Maybe you’ve wondered, while looking at the price tag on some organic produce, whether that label is telling the truth.
Peter Laufer, a writer and professor of journalism at the University of Oregon, doesn’t just wonder. He’s an outright skeptic, especially because the organic label seems to him like a license to raise prices. And also because those products are arriving through supply chains that stretch to far corners of the world.
The U.S. imports organic soybeans from China, spices from India, and dried fruits from Turkey. “It just screams to my perhaps prejudiced, cynical, journalist’s mind: Is there anything wrong with this?” Laufer says. “This needs some checking.”
Two products recently caught Laufer’s attention when they showed up in his kitchen: a can of organic black beans from Bolivia and a bag of organic walnuts, which turned out to be rancid, labeled “Product of Kazakhstan.”
Laufer’s mental fraud alarm went off. “I’ve done a lot of work in the former Soviet bloc, and when you look at the ‘corrupt-o-meter,’ it doesn’t get much worse than Kazakhstan,” he says. Bolivia, he says, isn’t much better.
So Laufer tried to find out exactly where those products came from. As he recounts in his new book, Organic: A Journalist’s Quest to Discover the Truth Behind Food Labeling, he interrogated store managers, distributors and the company that certified the beans as organic. He had a hard time getting answers, which made him even more suspicious. “It seems to me if everything is clean as a whistle, then you’d be proud to say where the food came from.”
Laufer says that’s the first reason to distrust organic food. The second is a conflict of interest that’s built into the system, at least in the U.S.
The companies that inspect organic farmers and processors, and certify their products as organic “are paid by those that they certify,” he says. “And there is competition among the ‘certifiers.’ So you can imagine, if the inspection is a little harsh, the company or the farm could say, ‘Hey, there are other places I can do business with that wouldn’t put me through this kind of rigor.’ ”
Laufer is convinced that organic fraud is common — but his book doesn’t actually uncover much evidence of it.
The beans checked out. Laufer flew to Bolivia, had a nice conversation with the farmer who probably grew them, and came away convinced that those beans were organic.
The walnuts from Kazakhstan, on the other hand, remain a mystery. After that first rancid batch, Laufer never spied any more Kazakh walnuts in the store. The U.S. Department of Agriculture investigated and found no evidence of organic walnut production in Kazakhstan.
A Trader Joe’s customer service representative told Laufer that the company buys walnuts from Kazakhstan when it runs out of organic walnuts from California. But a spokesman for the company tells NPR that Trader Joe’s never got organic walnuts from Kazakhstan. Uzbekistan, yes. But not Kazakhstan.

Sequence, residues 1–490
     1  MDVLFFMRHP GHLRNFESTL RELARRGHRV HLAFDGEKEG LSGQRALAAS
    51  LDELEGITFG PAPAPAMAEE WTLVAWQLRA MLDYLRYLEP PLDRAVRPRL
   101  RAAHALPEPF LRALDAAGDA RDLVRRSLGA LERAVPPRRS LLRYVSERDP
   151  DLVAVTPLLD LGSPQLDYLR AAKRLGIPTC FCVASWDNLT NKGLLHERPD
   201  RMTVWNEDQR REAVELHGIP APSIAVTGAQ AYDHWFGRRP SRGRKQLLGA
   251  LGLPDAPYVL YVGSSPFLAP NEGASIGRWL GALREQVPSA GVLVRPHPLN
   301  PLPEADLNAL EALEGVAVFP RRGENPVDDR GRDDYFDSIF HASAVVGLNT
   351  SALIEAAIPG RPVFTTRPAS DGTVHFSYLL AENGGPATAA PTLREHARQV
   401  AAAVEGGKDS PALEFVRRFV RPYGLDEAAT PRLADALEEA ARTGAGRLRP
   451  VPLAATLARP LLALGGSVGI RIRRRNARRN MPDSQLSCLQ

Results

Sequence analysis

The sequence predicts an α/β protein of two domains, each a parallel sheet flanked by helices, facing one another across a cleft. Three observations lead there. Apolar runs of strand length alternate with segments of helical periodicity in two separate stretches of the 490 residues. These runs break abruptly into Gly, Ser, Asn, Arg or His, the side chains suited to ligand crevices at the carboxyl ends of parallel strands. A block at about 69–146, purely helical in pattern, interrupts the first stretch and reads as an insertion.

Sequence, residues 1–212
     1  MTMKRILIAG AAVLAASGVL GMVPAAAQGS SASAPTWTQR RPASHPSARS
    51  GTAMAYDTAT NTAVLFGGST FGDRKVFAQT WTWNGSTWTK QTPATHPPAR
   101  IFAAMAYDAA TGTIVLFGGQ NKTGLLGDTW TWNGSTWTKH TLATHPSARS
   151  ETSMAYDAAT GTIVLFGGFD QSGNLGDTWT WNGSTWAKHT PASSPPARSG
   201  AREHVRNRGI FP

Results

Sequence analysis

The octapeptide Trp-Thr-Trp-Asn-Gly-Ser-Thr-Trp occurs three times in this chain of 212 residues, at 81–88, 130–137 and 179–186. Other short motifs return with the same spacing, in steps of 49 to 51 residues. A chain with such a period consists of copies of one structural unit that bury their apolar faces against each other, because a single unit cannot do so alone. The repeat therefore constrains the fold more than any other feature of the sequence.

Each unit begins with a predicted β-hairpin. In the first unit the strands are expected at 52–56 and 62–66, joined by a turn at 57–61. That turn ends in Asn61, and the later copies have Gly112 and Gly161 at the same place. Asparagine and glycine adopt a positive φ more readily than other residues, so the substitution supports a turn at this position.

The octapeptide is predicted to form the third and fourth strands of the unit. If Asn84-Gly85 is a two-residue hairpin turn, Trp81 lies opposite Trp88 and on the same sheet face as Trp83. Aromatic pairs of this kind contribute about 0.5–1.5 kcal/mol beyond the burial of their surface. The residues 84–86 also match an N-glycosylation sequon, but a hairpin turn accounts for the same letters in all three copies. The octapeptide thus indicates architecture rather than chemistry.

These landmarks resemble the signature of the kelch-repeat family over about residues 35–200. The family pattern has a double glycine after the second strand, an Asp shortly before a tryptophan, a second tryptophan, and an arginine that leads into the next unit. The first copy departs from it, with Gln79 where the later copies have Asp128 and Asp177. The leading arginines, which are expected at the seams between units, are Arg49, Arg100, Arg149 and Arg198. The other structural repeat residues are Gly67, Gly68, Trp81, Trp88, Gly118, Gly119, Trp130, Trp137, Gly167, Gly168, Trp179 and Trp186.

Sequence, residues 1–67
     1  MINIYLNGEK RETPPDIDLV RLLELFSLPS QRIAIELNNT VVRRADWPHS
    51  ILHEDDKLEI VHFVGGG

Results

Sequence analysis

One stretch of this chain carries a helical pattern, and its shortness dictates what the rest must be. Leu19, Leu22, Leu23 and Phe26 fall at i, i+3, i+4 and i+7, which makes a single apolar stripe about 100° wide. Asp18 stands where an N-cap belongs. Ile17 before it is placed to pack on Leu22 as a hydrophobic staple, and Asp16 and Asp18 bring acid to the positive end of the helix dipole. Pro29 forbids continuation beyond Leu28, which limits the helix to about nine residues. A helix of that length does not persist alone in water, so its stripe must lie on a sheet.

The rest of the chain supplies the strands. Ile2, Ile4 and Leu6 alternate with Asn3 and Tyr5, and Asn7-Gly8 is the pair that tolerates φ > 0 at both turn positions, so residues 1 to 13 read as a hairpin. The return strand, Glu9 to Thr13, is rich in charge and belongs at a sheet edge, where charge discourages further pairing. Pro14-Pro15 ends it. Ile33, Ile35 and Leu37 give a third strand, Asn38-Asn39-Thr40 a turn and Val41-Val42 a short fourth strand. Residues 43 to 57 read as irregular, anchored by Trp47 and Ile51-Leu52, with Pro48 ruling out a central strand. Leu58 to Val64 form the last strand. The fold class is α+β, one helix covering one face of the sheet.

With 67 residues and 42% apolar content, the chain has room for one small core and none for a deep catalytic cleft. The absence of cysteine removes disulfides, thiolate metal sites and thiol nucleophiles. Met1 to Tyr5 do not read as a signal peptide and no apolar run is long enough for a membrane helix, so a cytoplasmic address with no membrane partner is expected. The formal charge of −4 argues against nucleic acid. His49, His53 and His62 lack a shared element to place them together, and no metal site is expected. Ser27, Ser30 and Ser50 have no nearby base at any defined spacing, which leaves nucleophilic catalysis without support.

In their response to Laufer, organic industry executives say that the word “organic” is far more trustworthy than most labels you see on groceries. Unlike “natural,” for instance, it really means something.
Organic farmers have rules to follow, and third-party certifiers inspect their operations to make sure they’re following the rules. Those certifiers also test a certain percentage of the product each year for illicit use of pesticides. Although certifiers are paid by the companies that they certify, their work is audited by the USDA.
“We have a covenant with our consumers that we have certification that can trace any product from the store shelf back to the field where it was grown,” says George Kalogridis, an organic certification officer with Ecocert ICO, an organic certifier that’s based in France and operates globally.
According to Kalogridis, many people are suspicious of organic imports because they don’t realize how widely the ideas of organic farming have spread — and that those ideas didn’t originate in the U.S. in the first place.
Kalogridis has firsthand experience with global organic production. About 30 years ago, he set up an organic produce business in Florida. When sales really took off, in the 1990s, he needed to find more suppliers. “We were, quite literally, running out of product,” he says.
So he embarked on a search for more organic farmers, and found some in Mexico and Argentina. Organic missionaries, many of them from Europe — the birthplace of organic farming — had already been traveling the world, spreading the gospel of pesticide-free agriculture. Organic certifiers also were expanding internationally. Together, they provided the foundation for a global boom in international organic trade.
Kalogridis ended up supplying a hungry American market with organic imports of all kinds. “I went from handling half a dozen ingredients to almost 300 ingredients,” he says. “People would say, ‘Thank you for finding this; can you go find that?’ ”
USDA investigators have found cases of organic fraud, but they’ve discovered it here in the U.S., as well as abroad. There’s little evidence that fraud is widespread, but USDA, which oversees the organic program, is now putting more resources into preventing it. The budget for the USDA’s organic program was boosted by 40 percent this year, and a big chunk of that increase will be devoted to “compliance and enforcement.”
In recent years, the USDA has been getting about 200 complaints each year about organic products that somebody suspects really aren’t organic. Last year, 19 farmers or food companies were fined a total of $87 million for misusing the organic label.